Wednesday, March 4, 2009

Impossible by Nancy Werlin

Lucy Scarborough is only seventeen when she finds out that she’s pregnant. While originally shocked, she soon comes to realize that this is what happens to Scarborough girls. Lucy quickly discovers that the women in her family have been cursed for generations by an evil elfin king. When the women become pregnant they then must complete three impossible tasks before their baby is born or else they become crazy once their child is born.
Creating a shirt without a seam or any needlework, finding an acre of land between the salt water and sea strand, and plowing the land with a goat’s horn and sowing it all over with one grain of corn, all seem like impossible tasks, but they are what Lucy must do. Scared out of her mind, Lucy sets her mind to completing all these tasks in just nine short months, even though no other Scarborough girl has been able to do it before. Lucy has something though that no other Scarborough girl has had before, a loving family. Will the help of her foster parents and her best friend Zach be enough to break the curse, or will Lucy turn out just like the rest of the women in her family?
This book was completely breathtaking. The whole idea to base a book off a folk song is completely unique and kept me interested during the whole book. While it took me a few chapters to fully get into the story, once I had settled in I couldn’t put the book down.
Lucy was a completely believable character who faced real everyday problems. She had a level head, but she also dealt with many emotions that were genuine. I also felt that the supporting characters in the story were well developed as well. For example, Miranda, Lucy’s biological mother, didn’t appear much in the story, but every time she did it didn’t feel like we were meeting someone new. She had been talked about and described enough that she was made into an important person, even though she only appeared in the story a few times. Another character that I thought was really well created was Padraig Seeley. Again, he didn’t come up much in the story, but his personality really came through. The sliminess of his persona felt so real, that he immediately set up red alarms, the first time he was introduced. This was a really unique thing that I the author was able to create, and really added to the book.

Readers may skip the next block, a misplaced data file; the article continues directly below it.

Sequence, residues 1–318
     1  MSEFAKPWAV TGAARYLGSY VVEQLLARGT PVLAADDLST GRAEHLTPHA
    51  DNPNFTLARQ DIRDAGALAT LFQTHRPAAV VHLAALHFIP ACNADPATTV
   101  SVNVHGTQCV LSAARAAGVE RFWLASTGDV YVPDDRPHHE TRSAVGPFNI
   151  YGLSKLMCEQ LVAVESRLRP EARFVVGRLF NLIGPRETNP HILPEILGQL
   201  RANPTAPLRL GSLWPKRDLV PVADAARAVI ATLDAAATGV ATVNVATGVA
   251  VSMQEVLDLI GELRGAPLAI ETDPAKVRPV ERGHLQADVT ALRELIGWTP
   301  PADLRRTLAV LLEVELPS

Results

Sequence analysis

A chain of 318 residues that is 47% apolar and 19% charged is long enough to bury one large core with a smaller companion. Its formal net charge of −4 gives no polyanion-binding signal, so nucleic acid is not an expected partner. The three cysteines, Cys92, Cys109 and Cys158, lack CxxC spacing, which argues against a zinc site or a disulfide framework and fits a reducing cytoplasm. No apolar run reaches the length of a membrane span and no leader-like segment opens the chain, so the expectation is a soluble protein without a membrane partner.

It was also really neat to read this modern fairy tale. The book had all these modern technologies, but then incorporated this old fairy world, which made the book spellbinding. I loved how Lucy and her family figured out the tasks using modern conveniences, but then also looked at this from the past to help figure out the curse. This truly added to the book as it combined some of the best elements of a general YA book with that of a fantasy, creating this new type of book that I hope to see much more of.
I was very much impressed with Nancy Werlin’s writing style. It was graceful, yet intense, emotion packed, and very real. I am really interested in reading more of her books and can’t wait to see what she has in store for u next! 


GreenBeanTeenQueen said...

I liked this one too. Great review!

The Not So Closet Geeks said...

Great review- I've been meaning to read this book for a while now.

H said...

Oh, that sounds interesting, I hadn't even heard of this before.

Jo said...

Great review! I read this and really liked it -- it was an unusual twist on an idea.

Ashley said...

This sounds really interesting!

Reader Rabbit said...

Great review!
I reserved it at my library. :)

Sadako said...

Ooh, good review. I love fairy tales, esp. updated ones/ones set in modern times.

Owlet said...

Thanks for the review! I wasn't sure whether or not to read this one and now I'm definitely interested!

Anonymous said...

not to be a downer, but i really didnt like this book. i couldnt connect with the main character at all. good review though! :)


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